Tuesday, June 14, 2011

I've got mail!

I’m one of those people who turns on the computer first thing in the morning. Because of the time difference between Holland and Indonesia, my Indonesian news often arrives in the night. This morning I was overjoyed to find an email from Restuala Namora. He wrote a short email in his usual modest style, but it was still possible to discern excitement and pride between the lines. There was also an attachment: a photograph of his beautiful mother holding up a blue Batak textile with red sides. Both colours, wrote Restuala, were from natural dyestuffs. He said that textile revival was well underway in Muara and that his motto is “Nothing is impossible”.

A bintang maratur textile made in Muara with all natural dyestuffs
 Muara is located in the bay in the southwest corner of Lake Toba. This is the headquarters of what remains of the production of the blue Batak textiles: the sibolang, surisuri, bolean and bintang maratur. (The textile that was just woven was a bintang maratur.) My happy visit there in 1986 yielded the photo of weavers that is now found on pages 10 and 11 of Legacy in cloth. It is one of my favourite photos and so I earmarked it for years as the frontispiece of my book. Little did I know that some of those same weavers would later become active in the revival of Batak weaving in Muara.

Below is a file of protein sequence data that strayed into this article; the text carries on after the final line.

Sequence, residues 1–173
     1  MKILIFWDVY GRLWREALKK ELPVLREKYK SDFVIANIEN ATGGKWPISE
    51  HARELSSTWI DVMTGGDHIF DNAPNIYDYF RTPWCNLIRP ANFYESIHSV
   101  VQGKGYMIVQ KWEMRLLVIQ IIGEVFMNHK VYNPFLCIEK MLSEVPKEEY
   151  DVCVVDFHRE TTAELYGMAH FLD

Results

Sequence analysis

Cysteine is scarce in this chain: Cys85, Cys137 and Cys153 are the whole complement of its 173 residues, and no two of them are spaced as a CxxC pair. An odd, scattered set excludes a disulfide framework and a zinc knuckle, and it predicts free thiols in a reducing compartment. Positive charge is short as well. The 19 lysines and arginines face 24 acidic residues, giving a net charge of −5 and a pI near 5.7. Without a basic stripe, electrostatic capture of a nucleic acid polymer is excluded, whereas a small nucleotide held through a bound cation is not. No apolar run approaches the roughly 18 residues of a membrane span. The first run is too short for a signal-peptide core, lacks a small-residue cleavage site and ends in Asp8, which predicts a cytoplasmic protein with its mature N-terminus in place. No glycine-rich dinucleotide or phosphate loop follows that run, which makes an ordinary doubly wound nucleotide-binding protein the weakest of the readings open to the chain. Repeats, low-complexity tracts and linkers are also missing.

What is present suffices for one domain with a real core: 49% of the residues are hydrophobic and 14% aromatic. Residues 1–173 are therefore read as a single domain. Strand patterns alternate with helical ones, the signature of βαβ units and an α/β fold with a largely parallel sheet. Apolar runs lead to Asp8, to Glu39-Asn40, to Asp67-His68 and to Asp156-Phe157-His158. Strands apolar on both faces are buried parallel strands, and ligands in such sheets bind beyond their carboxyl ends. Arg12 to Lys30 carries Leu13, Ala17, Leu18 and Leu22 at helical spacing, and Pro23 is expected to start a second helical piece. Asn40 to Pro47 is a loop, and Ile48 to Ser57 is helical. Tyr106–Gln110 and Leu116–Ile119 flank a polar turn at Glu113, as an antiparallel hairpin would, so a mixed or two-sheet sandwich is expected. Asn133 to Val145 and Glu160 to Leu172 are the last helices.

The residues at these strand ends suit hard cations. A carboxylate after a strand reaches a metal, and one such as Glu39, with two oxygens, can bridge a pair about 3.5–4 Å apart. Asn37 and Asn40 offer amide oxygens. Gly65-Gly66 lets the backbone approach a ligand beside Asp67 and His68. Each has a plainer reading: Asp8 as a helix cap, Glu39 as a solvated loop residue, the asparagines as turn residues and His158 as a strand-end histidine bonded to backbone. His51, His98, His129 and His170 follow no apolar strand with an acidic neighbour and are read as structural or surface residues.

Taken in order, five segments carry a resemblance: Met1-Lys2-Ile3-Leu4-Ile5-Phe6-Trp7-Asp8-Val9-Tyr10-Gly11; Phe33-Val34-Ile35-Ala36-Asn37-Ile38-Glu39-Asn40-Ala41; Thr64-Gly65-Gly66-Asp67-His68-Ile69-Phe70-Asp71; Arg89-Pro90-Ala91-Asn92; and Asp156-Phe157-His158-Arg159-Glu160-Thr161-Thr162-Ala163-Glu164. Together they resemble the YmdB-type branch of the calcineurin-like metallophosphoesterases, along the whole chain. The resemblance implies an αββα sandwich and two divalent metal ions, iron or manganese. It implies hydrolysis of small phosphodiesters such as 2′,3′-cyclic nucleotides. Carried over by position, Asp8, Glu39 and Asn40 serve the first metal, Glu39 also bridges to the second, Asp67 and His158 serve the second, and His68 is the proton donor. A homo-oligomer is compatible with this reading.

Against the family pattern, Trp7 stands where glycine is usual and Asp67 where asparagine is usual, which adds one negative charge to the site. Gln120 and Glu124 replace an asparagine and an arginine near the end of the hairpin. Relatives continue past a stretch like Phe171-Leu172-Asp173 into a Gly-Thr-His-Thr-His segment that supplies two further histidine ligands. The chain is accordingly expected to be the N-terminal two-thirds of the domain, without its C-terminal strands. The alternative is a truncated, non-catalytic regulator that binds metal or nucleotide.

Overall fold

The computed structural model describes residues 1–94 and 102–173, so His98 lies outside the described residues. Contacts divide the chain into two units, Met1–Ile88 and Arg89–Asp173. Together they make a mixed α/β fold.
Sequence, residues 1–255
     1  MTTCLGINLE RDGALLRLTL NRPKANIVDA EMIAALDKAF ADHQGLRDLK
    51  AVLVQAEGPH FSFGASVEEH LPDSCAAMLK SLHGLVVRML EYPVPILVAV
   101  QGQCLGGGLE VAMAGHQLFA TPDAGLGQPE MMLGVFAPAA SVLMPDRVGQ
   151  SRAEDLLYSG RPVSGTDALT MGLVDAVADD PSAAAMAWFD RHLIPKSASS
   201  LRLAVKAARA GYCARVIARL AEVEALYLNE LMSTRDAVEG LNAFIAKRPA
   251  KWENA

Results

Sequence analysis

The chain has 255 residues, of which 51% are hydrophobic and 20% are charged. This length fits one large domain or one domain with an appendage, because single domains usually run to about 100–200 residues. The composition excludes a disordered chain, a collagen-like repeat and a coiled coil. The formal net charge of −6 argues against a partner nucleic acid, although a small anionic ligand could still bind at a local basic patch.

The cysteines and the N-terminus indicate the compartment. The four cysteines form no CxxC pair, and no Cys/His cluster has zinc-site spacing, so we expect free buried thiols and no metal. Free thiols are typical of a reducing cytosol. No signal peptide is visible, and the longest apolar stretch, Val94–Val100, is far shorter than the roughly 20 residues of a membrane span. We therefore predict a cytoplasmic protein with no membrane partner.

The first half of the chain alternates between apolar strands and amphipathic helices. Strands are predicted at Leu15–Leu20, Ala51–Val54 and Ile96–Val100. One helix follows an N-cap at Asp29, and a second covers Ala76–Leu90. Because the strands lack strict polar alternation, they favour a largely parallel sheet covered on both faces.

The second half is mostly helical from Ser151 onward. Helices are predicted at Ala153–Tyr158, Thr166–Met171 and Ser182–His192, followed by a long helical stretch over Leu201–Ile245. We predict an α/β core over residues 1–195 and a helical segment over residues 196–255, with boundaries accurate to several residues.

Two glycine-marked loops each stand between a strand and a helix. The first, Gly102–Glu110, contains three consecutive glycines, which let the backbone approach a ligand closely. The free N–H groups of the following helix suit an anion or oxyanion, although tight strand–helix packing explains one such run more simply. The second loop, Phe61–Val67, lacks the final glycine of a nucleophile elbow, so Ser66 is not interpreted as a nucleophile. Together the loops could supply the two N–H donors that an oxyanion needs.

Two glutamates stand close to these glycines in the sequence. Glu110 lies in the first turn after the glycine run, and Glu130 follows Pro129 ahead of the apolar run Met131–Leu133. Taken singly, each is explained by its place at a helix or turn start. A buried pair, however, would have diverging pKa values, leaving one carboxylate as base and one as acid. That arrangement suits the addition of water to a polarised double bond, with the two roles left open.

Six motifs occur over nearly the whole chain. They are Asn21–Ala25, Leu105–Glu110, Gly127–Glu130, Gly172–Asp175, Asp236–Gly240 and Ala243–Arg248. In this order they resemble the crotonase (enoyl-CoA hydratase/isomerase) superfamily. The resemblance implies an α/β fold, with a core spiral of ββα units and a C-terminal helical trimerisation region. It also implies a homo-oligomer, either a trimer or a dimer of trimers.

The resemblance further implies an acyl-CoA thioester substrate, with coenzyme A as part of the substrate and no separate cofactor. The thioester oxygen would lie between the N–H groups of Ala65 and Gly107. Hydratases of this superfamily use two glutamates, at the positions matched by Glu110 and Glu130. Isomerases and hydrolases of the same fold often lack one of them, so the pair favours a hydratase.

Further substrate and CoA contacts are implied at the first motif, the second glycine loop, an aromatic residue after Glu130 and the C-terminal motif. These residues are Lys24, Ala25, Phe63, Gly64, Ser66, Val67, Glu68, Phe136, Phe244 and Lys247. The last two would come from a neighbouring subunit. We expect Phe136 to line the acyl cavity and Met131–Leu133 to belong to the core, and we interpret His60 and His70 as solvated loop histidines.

Muara is also the bay that hosted the “weaving workshop” in October 2010 that I just couldn’t miss. When I heard about it, I made every effort to attend. Restuala Pakpahan was the engine behind this workshop and when he learned that I would be able to come, he transformed it into a celebration of me as the author of Legacy, one of the sources of his inspiration. During the workshop, he asked me to function as the foreign ambassador for Muara textiles and Muara’s intention to re-invent itself as a Batak settlement for the future: clean, prosperous, in harmony with nature, and a place where Batak culture can revive, survive and thrive.

The workshop was one of the most profoundly moving experiences in my life.

Shortly after that, I brought three members of Threads of Life to Muara. Restuala was hungry for information about natural dyes and strategies for reviving textile traditions while Threads of Life was looking for potential places in the Batak area where they could work their magic. It was a good match and a meeting of like minds. Every night the members of Threads of Life talked until the wee hours with Restuala and his right-hand man, Goodman Ompusunggu, juxtaposing Restuala’s vision with the experiences of Threads of Life. Since then, Threads of Life has been back to conduct step two in the revival of Batak natural dyes. The picture of the textile that Restuala sent me through the email today was the first product of their inspiring collaboration.

I expect that that textile will soon be on a plane heading to Bali. A group of Batak weavers has been selected to attend a series of workshops put on by Threads of Life in Ubud. There they will see the Threads of Life shop, meet weavers from other parts of the archipelago, and learn about international marketing as well as natural dyes. How I wish I could be there with them!

Congratulations to ito Restuala! Congratulations to my weaver friends in Muara! Congratulations to Threads of Life!

I see the small child in the photograph. As she looks at the textile in her grandmother’s hands, she is looking at both the past and the future of Muara. Because of Restuala’s initiative, her future is becoming increasingly bright.